Narayan Discusses Bladder Preservation and the Role of Gene Therapies in NMIBC


Vikram M. Narayan, MD, highlights takeaways from 5-year follow-up data examining the gene therapy nadofaragene firadenovec and details promising emerging therapies for bladder cancer.

Vikram M. Narayan, MD

Vikram M. Narayan, MD

The longest follow-up data on a gene therapy intravesical agent presented to date revealed that treatment with nadofaragene firadenovec-vncg (Adstiladrin) allowed for bladder preservation in approximately 50% of patients with BCG-unresponsive non–muscle-invasive bladder cancer (NMIBC), according to Vikram M. Narayan, MD, who noted that remaining questions with the agent are under evaluation.

Five-year follow-up data from a phase 3 trial (NCT02773849) presented at the 2024 American Urological Association (AUA) Annual Meeting demonstrated that the 60-month cystectomy-free survival rate was 43% (95% CI, 32.2%-53.7%) among patients with NMIBC who were treated with the nonreplicating adenovirus gene therapy in the carcinoma in situ (CIS) cohort (n = 103). Patients with high-grade Ta or T1 disease (n = 43) experienced a cystectomy-free survival rate of 59% (95% CI, 43.1%-71.4%) at 60 months. Additionally, the Kaplan-Meier high-grade recurrence-free survival rate estimates at 57 months were 13% (95% CI, 6.9%-21.5%) in the CIS cohort and 33% (95% CI, 19.5%-46.6%) in the Ta/T1 cohort (n = 43).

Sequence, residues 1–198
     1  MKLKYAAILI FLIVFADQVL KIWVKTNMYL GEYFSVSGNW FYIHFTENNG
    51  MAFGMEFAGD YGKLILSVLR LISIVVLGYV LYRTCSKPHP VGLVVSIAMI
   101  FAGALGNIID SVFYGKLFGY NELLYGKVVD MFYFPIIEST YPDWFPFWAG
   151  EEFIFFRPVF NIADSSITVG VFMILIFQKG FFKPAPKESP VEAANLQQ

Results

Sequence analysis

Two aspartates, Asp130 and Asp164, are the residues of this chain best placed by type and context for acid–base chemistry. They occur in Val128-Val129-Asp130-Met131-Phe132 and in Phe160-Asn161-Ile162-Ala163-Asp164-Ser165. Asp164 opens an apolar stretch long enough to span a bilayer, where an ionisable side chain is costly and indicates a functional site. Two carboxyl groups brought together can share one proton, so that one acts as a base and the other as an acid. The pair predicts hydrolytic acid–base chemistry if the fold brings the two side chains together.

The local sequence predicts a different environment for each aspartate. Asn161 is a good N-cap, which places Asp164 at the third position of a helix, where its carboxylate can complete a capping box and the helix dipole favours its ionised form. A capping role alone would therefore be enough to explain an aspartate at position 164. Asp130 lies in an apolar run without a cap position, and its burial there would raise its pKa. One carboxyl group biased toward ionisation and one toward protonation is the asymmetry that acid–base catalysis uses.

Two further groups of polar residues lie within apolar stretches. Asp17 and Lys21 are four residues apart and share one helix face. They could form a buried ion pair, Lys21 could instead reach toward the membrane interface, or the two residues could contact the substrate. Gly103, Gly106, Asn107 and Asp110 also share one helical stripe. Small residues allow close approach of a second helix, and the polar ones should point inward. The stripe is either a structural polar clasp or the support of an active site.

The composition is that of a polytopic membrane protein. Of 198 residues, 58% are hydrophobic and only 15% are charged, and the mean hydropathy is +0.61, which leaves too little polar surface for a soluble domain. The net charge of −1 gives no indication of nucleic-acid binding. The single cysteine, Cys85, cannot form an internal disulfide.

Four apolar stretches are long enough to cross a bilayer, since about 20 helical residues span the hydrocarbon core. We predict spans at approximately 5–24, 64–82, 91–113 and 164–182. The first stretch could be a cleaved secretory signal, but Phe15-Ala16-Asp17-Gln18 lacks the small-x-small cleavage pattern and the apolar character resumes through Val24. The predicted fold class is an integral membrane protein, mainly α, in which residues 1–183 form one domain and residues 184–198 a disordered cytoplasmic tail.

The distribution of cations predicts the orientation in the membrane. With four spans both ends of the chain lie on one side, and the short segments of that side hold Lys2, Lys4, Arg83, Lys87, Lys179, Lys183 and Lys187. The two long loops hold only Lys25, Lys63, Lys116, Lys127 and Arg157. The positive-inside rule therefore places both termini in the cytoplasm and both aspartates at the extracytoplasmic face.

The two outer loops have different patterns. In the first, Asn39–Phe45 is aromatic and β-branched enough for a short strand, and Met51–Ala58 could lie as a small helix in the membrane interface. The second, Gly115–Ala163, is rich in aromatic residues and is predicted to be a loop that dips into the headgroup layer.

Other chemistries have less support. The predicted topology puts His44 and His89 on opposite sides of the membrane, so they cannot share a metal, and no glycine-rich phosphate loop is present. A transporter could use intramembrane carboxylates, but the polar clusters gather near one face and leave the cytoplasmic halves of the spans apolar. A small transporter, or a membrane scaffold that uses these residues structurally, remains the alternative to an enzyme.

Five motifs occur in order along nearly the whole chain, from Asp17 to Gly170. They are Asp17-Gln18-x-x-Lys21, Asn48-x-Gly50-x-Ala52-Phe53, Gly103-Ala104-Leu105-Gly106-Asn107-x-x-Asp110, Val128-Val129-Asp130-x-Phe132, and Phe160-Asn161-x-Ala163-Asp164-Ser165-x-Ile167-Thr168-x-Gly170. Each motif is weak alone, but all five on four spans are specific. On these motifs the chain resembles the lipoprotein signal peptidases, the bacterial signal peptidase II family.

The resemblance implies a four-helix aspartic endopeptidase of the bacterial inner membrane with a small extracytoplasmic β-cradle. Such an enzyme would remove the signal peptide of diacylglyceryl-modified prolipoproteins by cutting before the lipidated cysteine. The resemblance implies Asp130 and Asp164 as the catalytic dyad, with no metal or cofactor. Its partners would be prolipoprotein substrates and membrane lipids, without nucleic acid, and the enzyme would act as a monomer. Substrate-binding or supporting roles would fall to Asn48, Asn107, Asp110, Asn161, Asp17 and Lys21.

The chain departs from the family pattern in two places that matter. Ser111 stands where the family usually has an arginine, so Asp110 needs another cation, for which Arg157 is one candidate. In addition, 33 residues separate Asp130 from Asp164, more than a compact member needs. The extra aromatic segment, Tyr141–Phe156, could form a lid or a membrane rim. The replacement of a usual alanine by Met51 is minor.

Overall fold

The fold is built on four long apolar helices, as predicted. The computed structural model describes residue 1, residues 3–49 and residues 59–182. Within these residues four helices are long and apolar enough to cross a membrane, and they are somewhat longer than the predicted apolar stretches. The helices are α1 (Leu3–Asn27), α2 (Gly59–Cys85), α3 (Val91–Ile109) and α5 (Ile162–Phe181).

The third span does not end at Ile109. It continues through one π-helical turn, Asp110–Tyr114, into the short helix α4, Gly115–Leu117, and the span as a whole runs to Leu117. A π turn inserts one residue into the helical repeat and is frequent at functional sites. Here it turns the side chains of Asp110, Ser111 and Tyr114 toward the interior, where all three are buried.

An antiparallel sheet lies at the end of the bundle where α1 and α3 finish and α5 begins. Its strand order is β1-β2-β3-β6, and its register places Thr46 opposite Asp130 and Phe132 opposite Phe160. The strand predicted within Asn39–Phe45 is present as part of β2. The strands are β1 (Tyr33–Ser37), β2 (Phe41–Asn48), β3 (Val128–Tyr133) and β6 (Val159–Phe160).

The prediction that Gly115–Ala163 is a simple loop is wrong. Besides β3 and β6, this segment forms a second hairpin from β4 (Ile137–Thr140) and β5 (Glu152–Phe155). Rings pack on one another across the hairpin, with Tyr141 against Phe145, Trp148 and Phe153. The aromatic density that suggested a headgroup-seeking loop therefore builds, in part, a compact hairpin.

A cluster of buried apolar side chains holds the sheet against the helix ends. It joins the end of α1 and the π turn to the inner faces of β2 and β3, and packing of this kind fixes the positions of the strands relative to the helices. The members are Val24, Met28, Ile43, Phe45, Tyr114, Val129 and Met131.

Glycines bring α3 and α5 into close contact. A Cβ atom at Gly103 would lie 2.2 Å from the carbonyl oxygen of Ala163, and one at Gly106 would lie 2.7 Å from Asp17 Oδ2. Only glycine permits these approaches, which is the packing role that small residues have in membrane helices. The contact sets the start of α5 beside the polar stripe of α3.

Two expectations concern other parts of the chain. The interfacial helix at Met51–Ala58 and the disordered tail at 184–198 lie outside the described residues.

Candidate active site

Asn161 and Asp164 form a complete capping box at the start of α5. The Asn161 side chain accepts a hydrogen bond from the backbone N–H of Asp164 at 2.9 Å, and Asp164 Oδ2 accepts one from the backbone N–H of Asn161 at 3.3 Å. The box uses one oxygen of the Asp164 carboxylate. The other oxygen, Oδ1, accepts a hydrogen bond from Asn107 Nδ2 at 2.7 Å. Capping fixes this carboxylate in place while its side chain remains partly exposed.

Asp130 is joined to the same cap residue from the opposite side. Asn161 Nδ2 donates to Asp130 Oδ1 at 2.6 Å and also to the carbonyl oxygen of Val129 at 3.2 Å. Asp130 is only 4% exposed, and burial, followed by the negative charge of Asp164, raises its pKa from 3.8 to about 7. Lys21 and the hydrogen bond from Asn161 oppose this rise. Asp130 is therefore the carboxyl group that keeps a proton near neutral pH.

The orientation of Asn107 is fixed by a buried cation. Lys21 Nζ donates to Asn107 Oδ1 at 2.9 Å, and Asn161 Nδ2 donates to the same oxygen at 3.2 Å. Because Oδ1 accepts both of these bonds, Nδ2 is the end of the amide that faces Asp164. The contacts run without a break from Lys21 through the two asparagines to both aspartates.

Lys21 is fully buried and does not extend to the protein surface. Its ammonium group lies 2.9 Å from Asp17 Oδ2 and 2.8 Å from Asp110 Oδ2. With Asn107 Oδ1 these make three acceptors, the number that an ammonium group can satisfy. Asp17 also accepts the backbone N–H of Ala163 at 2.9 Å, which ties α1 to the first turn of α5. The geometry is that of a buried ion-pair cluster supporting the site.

“There were very few progression events overall, only 5 patients over the course of 5 years at the time of last assessment [progressed to muscle-invasive disease], but the original study design did not allow for any retreatment [with nadofaragene firadenovec] if a patient had high-grade recurrence,” Narayan explained. “We did not allow retreatment with nadofaragene firadenovecin this trial, and many of the other drugs that have also been investigated for use in the space do allow for retreatment.”

In an interview with OncLive®, Narayan highlighted key takeaways from the 5-year final analysis of the trial, next steps with nadofaragene firadenovec, and promising emerging therapies for patients with bladder cancer. Narayan practices at Emory University Hospital, serves as director of urological oncology at Grady Memorial Hospital, and is an assistant professor in the Department of Urology at Emory University School of Medicine and a member of the Winship Cancer Institute in Atlanta, Georgia.

OncLive: What are the key takeaways from this final analysis?